One leading scientist remarked at a local conference, ‘When we were growing as children or youth, we were fed by the tender and loving hands of our parents and that now when we have become doctors, we are fed by patients’. Doctors must remember that their only earning comes from the patient. They should reciprocate with love and affection that they got from their parents, to their patients. Doctors must strive to make each rupee of that money count for the patient. A better waiting room, more efficient patient management, transparency and education, everything counts for the patient, and they would actually like paying for it. There is no place to be unethical for the doctor or patient.
There are often patients who present with a symptom that could be because of several different conditions. Doctor A, is cautious, ill trained and afraid of failure. He would investigate heavily, and when that too doesn’t give him enough clues, gives the patient plethora of medications for all the conditions. The patient may get better, yes, but the doctor would never know which medicine has made him so. The spiral begins, and patients get investigated more and more, medicated more and more, side effects of treatment spirals and skill acquisition is minimal. The patient may be a victim of toxic effects of the medicine, besides paying heavily for avoidable tests and medicines. Let us look now a doctor B. He is shrewd, well trained and is not afraid to experiment. He, by using an analytical brain and clinical acumen, thinks in favor of one possibility. He doesn’t investigate much because he trusts his instincts. If the patient gets better, he is elated- he is proven right. If he doesn’t, there’s always second option. To prevent the discomfiture of an irate patient irked by the delay in treatment, he uses kind words and counseling to reassure the patient that he is only trying to avoid unnecessary medications and investigations. Over time, doctor B gets more and more skilled. He now has acquired that sixth sense which tells him what the patient might be having instead of over investigating. However, doctors deal with uncertainties and changing patterns of ever increasing knowledge that rival most other professions. But they cannot, under the cloak of that nebulousness, neither wallow in self pity, nor puff out in artificial pride.
The public has become over-critical of the medical profession. They make persistent attempts to belittle and undermine a physician’s work. More the hype is being made to sullen doctors’ image more the community is going to suffer. When a patient comes gasping to emergency ward the doctor on duty never wastes time to ask the history and based on his third eye and experience he will take emergency measures. Trying to start an intravenous line, putting oxygen and keeping the airway clean and after monitoring the vitals then only he proceeds to take the history and decide to investigate further. If the doctor is hesitant due to fears he may refer him to a big hospital. Already this has started happening in accidental cases where the public never bother to shift the patient to hospital to avoid being listed as witness. Media has become a tool to defame this profession. Without verifying the facts they just make it sensational. The small mistakes become headlines. Judiciary has also been sensitized to make the doctors as a whipping horse. However, doctors are the real heroes, who change the course of life! No matter how bad things get, doctors make something good happen! One in pain already starts to feel better when they see a doctor’s smile or get a pat on the shoulder! No medicine can do this wonder better than this tenuous tether of compassion between a doctor and a patient.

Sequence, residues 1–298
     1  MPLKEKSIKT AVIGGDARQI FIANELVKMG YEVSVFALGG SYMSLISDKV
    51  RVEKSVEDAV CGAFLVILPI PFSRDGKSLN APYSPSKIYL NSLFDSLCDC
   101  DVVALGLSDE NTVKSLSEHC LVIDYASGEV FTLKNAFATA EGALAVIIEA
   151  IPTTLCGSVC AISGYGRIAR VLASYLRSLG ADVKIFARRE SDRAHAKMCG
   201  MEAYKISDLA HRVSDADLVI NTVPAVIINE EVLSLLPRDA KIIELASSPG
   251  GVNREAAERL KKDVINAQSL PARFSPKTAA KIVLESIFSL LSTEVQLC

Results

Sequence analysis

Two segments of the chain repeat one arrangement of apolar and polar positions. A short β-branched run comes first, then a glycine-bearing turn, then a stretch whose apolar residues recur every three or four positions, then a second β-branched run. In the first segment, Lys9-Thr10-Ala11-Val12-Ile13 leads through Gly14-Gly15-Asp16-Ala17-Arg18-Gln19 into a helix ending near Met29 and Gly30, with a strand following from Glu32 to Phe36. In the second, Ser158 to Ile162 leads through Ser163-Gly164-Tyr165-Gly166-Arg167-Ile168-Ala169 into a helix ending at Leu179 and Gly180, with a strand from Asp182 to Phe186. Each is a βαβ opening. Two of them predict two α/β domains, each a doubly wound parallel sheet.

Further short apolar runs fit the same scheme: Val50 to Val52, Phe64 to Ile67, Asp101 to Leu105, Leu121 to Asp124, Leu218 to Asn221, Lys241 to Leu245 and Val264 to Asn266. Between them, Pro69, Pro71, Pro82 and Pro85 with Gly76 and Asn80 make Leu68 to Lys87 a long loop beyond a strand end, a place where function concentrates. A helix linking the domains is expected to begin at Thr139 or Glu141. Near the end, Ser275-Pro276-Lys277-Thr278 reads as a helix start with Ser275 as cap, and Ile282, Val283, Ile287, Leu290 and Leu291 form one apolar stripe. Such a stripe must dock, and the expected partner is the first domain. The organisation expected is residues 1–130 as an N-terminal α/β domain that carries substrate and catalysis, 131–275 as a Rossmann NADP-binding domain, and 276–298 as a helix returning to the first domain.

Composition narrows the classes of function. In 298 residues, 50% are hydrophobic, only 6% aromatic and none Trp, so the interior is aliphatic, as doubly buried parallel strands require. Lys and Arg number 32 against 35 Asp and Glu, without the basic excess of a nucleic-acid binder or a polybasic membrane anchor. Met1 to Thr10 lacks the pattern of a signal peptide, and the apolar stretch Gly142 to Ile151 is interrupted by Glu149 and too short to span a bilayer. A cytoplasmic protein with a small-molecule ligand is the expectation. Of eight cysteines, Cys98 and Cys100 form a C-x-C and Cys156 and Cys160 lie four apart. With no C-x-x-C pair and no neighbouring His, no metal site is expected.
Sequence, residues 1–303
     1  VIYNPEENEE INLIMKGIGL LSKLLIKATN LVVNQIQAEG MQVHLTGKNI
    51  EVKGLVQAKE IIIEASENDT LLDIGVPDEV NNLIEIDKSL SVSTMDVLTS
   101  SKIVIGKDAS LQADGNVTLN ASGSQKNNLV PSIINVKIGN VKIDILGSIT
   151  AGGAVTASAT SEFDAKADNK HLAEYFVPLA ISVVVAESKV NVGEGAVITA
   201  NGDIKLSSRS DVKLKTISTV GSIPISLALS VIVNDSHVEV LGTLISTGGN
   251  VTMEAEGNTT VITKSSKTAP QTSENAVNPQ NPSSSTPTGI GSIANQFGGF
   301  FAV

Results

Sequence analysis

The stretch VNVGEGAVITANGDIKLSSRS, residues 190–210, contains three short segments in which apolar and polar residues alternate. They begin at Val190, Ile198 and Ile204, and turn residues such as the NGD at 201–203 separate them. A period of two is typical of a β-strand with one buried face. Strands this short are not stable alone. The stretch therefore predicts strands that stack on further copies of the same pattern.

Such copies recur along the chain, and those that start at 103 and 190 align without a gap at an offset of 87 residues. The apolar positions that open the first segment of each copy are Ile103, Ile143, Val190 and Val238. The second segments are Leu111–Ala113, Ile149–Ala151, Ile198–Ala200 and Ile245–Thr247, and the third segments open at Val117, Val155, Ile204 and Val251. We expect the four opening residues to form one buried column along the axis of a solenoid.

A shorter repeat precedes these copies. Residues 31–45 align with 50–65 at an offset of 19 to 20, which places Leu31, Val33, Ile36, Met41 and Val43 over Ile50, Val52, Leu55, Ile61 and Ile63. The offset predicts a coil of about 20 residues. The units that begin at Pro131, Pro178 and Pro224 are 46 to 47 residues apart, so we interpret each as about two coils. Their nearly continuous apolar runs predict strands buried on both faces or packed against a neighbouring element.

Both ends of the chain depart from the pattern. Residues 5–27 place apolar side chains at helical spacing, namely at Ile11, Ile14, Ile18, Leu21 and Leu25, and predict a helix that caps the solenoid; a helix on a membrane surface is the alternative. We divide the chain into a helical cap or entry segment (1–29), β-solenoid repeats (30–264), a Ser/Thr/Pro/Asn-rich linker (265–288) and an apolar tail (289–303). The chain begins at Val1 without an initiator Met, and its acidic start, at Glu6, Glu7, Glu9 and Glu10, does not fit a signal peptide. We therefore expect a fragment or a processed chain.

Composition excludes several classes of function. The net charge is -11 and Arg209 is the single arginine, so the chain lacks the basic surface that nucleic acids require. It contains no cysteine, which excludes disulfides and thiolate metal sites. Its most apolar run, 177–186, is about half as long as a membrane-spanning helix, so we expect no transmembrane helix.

Business culture spread its tentacles
Affordable, health services have gone beyond the reach of a large majority, with life-threatening consequences. One can appreciate that corporate hospitals with their latest equipment and medical talent meet a growing need of rich class that can afford to buy their five-star comforts. Since society itself is in the grip of moral decay and greed, can doctors be left behind? With business culture creeping into the noble profession, trust in the doctor’s word has been given a goby. Doctors can no longer expect a sense of gratitude. Medicine being a specialized field a patient does not know whether the prescribed drug, test or line of treatment is correct or is required at all. Besides greed, insensitivity, negligence and carelessness seem to have become professional traits. A few months ago, Delhi’s top Hospital was asked by the State Consumer Commission to pay Rs 75 lakh for “doing unwanted treatment on the patients who are not easily identifiable by the commission”. The highest-ever compensation in a case of medical negligence in India, however, was awarded on October 25, 2013, when the Supreme Court directed the Kolkata-based AMRI Hospital to pay over 11 crores compensation in case of an NRI patient. In a recent book, ‘Dissenting Diagnosis’ authors have made recommendations about how the situation can be modulated. There is need for greater regulation of medical services by a calibrated cap on procedures; standardized treatment protocols; patients made aware of their rights and doctors of their duties. Regulation is what is required, not criminalization. This is indeed a wake-up call, though some are not sure whether the conscience that it wants to rouse is not already dead. Let us all try to bring it back to life. The onus for that lies on the community as well to be fair to the doctor.